Let me prefix this opinion piece by saying this topic is something I’ve been wanting to write about for a while, but I’ve never really been able to express it properly – so I’m just going for it.
HIV is a bitch. Let’s get that out of the way. It’s a cruel, opportunistic virus that (left untreated) ravages your body and the stigma from others, and even yourself, can ruin lives.
One of the ways that we as humans, and me in particular, cope with adversity is to make light of the situation. Either through simply shrugging off what’s worrying us (whilst fretting inside) or by cracking jokes. But is it appropriate to joke about HIV, and if so are there rules about who can make them and to whom?
When I was first diagnosed back in mid-2011 I used to frequent a website known as ‘fitlads’, it was essentially a hook-up site with a very thin veneer of socialising for face saving sakes. I lost count the number of times I saw HIV/AIDS jokes on the forums -they upset me deeply at a time I was still trying to cope with my diagnosis. I ended up leaving the website for that very reason.
Two years on and I’m a different person, I’ve learnt so much about myself, I’m stronger and I’m much more thick skinned. But things still get to me – a shitty message on Grindr for example – it’s times like those where the sometimes quite self-deprecating jokes come out of the bag. It’s a coping mechanism, using humour to overcome the pain.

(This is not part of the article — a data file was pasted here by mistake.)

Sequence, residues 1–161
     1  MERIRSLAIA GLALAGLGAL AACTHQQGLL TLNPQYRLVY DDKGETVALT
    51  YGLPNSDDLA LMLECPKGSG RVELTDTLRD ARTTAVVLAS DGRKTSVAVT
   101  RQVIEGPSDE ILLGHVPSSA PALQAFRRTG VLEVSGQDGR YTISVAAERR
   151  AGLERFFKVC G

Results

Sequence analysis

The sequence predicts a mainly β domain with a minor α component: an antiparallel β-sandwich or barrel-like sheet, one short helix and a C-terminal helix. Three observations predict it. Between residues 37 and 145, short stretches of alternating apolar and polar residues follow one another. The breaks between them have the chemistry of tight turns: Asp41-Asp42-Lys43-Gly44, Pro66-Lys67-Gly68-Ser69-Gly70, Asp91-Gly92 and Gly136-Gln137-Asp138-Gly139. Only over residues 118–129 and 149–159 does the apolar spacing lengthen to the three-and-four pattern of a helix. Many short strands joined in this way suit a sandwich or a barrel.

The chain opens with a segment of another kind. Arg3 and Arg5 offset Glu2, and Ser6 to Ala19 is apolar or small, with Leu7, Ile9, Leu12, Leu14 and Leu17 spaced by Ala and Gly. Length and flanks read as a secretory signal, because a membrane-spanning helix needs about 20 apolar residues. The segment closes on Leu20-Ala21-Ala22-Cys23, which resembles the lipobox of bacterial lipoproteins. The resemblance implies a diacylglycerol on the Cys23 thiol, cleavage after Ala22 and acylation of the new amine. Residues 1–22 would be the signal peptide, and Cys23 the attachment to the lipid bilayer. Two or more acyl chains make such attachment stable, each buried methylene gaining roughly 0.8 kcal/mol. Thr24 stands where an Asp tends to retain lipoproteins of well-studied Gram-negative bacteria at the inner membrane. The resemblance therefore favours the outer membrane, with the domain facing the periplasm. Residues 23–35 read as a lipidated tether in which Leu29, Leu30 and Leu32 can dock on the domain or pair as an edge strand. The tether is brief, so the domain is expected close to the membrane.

What about about jokes about HIV/AIDS as a form of entertainment? I’ll be honest, I’m not a big fan of them. Yes I’ve been known to refer to my work phone (that I use for media, writing, beyondpositive work) as my “AIDS Phone” – but that’s just me, and usually talking to myself. Then there’s the whole feeling like I’m making a pun every-time I use the word “positive”… I must get my thesaurus out.
Location and method of broadcast have a big role to play. There is a “comedienne” on twitter, who shall remain nameless, who once posted that her cold was “worse than AIDS” – this is a woman with tens of thousands of twitter followers, of which a good number will be HIV-Positive. If I’d seen that back around the time of my diagnosis, or heaven forbid if someone I knew had just died of an AIDS related illness I’d have been mortified.
At the same time we must remember that it’s healthy to be able to make fun of ourselves. We are, after all, British and self deprecation is our national past-time. A sense of humour can help you over come many things and including dealing with your HIV diagnosis.
The jokes themselves in themselves aren’t necessarily a problem, it’s the impact they may have depending on who hears them. So please, think before you joke.